Principle 1
Value the uniqueness of every individual
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Throughout our lives many of us build a network of activities, practices and beliefs that help define us as individuals. These social, cultural, sexual, spiritual, religious, moral and personal practices may change over time but are important in shaping our lives and our unique and diverse identities and informing our social interactions and sense of dignity and wellbeing in our communities. Building and maintaining these practices can be harder for those who are challenged by illness, disability, ageing and other life events which may affect independence, identity and sense of self.Understanding the importance of valuing an individual’s unique identity is at the heart of supporting people to achieve a sense of purpose, belonging and self-worth.

It is important to recognise that care and support workers are also unique individuals, who need to reflect on the impact of their personal beliefs and attitudes on their own and others’ dignity.

Desired understanding and knowledge:

  • Gain a shared, common understanding of what dignity means.

  • Understand how an individual’s dignity, independence, identity and sense of self can be affected by illness, disability, ageing or other life events.

  • Understand the rights of individuals to keep aspects of their lives to themselves.

Desired skills and practices:

  • Value and respect the individual as a unique person who has the right to choice and control over how their needs, wishes and preferences are met.

  • Acknowledge the importance of an individual’s hopes and aspirations and understand how these may impact on their interactions with others.

  • When offering care and support, see more than just an individual’s care and support needs, see the uniqueness of the person.

  • Recognise, promote and value diversity including differences in culture, beliefs, relationships and sexuality.

  • Recognise the impact of personal attitudes, values and beliefs on yours and others’ practice.

Principle 2
Uphold the responsibility to shape care and support services around each individual
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The drive for personalised care services continues to demand that the individual is placed at the heart of all care and support service provision. Individuals must have informed choice and control over the services they require to meet their needs, wishes and preferences and to meet these as they see fit. Personalised services maximise independence, respect and dignity of individuals.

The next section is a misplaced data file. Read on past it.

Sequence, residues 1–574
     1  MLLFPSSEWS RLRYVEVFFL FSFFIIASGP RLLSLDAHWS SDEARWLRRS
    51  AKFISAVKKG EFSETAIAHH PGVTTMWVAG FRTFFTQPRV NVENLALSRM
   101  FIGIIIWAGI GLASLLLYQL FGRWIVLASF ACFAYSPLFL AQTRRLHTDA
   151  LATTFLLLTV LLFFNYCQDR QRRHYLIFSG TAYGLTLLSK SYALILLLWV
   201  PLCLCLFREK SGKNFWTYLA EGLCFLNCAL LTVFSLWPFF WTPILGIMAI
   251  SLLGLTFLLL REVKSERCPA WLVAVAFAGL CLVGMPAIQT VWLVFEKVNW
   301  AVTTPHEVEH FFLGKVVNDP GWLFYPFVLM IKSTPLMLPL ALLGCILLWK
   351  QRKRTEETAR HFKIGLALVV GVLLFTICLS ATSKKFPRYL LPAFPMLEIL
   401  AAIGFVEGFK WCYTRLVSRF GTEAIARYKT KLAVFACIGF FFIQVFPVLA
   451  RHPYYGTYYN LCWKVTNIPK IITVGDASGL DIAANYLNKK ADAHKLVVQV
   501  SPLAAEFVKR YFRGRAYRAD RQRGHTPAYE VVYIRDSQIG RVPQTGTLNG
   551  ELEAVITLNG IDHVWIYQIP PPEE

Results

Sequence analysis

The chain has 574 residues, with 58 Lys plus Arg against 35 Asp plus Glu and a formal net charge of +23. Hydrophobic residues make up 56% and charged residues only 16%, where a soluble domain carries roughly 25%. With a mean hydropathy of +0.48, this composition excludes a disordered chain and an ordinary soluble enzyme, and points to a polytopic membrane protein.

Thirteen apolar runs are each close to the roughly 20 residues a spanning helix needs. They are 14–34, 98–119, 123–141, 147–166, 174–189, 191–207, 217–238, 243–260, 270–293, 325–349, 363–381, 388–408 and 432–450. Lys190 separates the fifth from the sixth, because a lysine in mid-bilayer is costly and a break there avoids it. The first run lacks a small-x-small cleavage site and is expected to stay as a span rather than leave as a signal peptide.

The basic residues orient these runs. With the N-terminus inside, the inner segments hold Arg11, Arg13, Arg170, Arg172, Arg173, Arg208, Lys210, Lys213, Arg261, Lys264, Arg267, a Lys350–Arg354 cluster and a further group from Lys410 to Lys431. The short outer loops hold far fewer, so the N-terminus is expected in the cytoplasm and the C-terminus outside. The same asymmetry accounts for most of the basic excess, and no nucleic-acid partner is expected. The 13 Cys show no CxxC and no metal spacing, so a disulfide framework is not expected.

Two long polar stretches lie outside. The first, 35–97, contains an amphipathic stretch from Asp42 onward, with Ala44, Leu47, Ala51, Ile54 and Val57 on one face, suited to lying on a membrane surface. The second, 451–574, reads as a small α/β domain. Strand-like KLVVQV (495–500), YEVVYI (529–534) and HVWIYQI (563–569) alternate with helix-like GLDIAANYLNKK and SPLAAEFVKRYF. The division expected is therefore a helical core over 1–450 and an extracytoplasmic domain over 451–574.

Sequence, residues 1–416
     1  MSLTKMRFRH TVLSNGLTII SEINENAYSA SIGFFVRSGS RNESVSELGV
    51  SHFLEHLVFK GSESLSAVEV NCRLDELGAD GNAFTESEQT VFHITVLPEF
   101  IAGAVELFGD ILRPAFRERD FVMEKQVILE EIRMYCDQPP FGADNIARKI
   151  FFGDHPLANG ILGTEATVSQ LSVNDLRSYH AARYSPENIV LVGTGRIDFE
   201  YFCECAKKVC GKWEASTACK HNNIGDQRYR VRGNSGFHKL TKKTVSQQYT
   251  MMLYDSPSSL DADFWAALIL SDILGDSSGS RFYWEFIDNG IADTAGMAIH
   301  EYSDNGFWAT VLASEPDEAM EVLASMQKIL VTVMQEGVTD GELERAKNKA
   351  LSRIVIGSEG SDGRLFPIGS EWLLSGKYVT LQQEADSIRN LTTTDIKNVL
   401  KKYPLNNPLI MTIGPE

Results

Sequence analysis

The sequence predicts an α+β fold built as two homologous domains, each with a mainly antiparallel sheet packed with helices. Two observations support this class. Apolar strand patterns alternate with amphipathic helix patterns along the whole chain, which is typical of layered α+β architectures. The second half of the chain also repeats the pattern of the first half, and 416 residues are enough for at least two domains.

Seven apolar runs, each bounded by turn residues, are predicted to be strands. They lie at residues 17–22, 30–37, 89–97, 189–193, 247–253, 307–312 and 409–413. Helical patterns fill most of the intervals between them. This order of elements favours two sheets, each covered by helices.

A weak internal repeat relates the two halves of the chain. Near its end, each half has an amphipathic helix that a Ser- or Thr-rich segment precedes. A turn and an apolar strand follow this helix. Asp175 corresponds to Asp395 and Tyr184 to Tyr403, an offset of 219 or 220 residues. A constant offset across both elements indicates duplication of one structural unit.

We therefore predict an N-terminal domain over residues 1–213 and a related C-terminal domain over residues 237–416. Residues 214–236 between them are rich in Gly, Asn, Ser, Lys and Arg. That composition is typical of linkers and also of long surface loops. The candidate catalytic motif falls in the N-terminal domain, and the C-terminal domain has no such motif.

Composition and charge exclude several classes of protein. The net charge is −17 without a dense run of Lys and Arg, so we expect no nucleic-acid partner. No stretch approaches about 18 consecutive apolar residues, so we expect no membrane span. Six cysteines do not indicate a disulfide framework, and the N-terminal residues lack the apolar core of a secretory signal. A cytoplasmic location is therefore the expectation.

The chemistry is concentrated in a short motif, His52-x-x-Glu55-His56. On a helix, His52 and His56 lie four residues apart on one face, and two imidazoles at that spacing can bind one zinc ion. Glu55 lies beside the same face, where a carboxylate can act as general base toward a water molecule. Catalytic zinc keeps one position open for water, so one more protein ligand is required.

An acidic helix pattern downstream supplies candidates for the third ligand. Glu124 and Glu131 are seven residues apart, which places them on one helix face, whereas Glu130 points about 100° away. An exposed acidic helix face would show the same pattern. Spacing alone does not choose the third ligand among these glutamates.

Desired understanding and knowledge:

  • Understand the principles of choice and control and how to apply this in personalised care and support to ensure that an individual’s opinion is central.

  • Understand the importance of positive risk taking to maximise an individual’s dignity.

  • Understand how reliance on the support of others may impact upon an individual’s dignity and sense of wellbeing.

  • Understand the implications of an individual’s mental capacity and the duty of care to act in best interest where appropriate.

Desired skills and practices:

  • Respect an individual’s right to autonomy and dignity, ensuring their choice and control in the development and delivery of their care and support.

  • Recognise potential conflict in balancing rights and each individual’s autonomy.

  • Respect the individual as a person with their own experience, knowledge and expertise about their situation.

  • Ensure that the service enables individuals to interact as they wish with their local community.

  • Recognise the importance of working together with people who are a part of the individual’s life, whether family, friends or professionals.

  • Take time to consider how making assumptions can impact on an individual’s dignity, remembering that respect is personal to each individual.

Principle 3
Value communicating with individuals in ways that are meaningful to them
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The way people communicate is central to upholding the dignity of individuals and forming and maintaining positive relationships to enable person-centred care. It is a two way process, where individuals must be appropriately supported to communicate their needs, wishes and preferences to enable choice and control in decision making. Body language, words and tone are all indicators of communicating with respect, courtesy and integrity. The complexity of communication requires care and support workers to build effective relationships with individuals in order to identify barriers and facilitate meaningful interaction that upholds dignity.